She gave him the stare that she gives anyone who dares to humiliate her in public. It was a stare that when observed, would momentarily paralyze an individual, as a swift chill ran through their veins. He lowered his gaze, ashamed that he had ever opened his mouth to comment on her insecurities. Although she smiled at his realization of his wrongness, the void within her was not yet filled.
Uprooted from her home at age 4, she reaps the consequences of the actions made so long ago by people other than her. “Real American girl,” was among their favorite terms to call her. Along with “White girl,” and “onyinbo.” She always felt grounded in who she was- a Nigerian- and yet, in a matter of seconds all that she knew was challenged by the rhetoric of a few relatives.
Her predicament is worsened by her inability to speak her native tongue (Igbo), nor can she fully understand it. She often blames her parents for not being more assertive with her when it came to learning the language. As a remedy, she ceaselessly began researching online Igbo courses that would teach her the language, and ultimately help her become more Nigerian. Her obsession with the language got to the point where she no longer wanted to learn Igbo for its intrinsic value, but rather for the extrinsic benefits that it would grant her- freedom from taunting from her extended family. But the reality still remains that she does not know her own language, and every trip back to Nigeria is a solemn reminder of this fact.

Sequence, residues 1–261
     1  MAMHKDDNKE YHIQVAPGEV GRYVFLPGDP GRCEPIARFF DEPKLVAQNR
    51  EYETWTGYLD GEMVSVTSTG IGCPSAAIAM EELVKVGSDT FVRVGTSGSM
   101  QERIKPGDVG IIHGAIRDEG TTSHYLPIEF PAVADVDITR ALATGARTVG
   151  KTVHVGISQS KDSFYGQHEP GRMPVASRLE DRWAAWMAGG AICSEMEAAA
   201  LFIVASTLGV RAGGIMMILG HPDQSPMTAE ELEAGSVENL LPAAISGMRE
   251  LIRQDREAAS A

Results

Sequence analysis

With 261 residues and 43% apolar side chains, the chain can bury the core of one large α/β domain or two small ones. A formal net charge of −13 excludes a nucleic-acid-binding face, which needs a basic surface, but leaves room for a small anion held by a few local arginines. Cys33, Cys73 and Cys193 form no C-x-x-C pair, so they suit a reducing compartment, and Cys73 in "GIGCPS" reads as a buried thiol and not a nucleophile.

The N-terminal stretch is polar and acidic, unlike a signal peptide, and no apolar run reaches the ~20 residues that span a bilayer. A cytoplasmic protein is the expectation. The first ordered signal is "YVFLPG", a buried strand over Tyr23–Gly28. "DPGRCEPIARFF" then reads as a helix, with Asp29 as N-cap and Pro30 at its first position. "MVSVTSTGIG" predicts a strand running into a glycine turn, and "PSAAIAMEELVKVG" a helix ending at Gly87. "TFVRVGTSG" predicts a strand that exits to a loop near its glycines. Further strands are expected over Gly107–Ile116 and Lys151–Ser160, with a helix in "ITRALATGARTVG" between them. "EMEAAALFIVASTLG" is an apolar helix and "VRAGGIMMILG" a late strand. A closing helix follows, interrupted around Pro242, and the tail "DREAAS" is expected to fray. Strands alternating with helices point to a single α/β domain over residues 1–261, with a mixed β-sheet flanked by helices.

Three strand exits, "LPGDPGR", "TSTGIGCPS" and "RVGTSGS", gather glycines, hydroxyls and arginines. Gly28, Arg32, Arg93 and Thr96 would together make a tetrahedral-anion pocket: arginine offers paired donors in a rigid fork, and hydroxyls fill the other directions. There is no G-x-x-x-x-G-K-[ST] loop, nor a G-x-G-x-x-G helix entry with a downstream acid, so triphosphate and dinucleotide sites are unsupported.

Too American for Nigeria and too Nigerian for America. Not fully assimilated into either culture. An identity crisis that she thought was only reserved for people of mixed races. All she wanted was to be fully accepted by both cultures, and yet she was denied by both. Neither here, nor there.
She just prays that they will one day accept her for who she has become, a liquid that flows between two cultures, never quite filling either to the brim.